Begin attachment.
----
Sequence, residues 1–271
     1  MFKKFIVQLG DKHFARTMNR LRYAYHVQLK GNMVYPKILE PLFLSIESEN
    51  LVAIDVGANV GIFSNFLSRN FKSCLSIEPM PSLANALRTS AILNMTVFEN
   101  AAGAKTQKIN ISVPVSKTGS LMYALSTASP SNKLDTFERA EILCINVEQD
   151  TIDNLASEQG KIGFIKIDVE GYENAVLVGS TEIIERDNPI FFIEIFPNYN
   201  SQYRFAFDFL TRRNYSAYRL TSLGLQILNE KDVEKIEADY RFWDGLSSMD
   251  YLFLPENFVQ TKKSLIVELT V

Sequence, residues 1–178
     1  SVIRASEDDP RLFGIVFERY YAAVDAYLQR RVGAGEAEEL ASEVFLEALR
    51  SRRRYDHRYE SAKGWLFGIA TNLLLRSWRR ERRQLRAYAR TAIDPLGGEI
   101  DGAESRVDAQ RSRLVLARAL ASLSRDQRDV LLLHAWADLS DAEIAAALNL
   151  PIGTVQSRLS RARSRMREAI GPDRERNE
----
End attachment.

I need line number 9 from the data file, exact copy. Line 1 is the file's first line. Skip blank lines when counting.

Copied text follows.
     1  SVIRASEDDP RLFGIVFERY YAAVDAYLQR RVGAGEAEEL ASEVFLEALR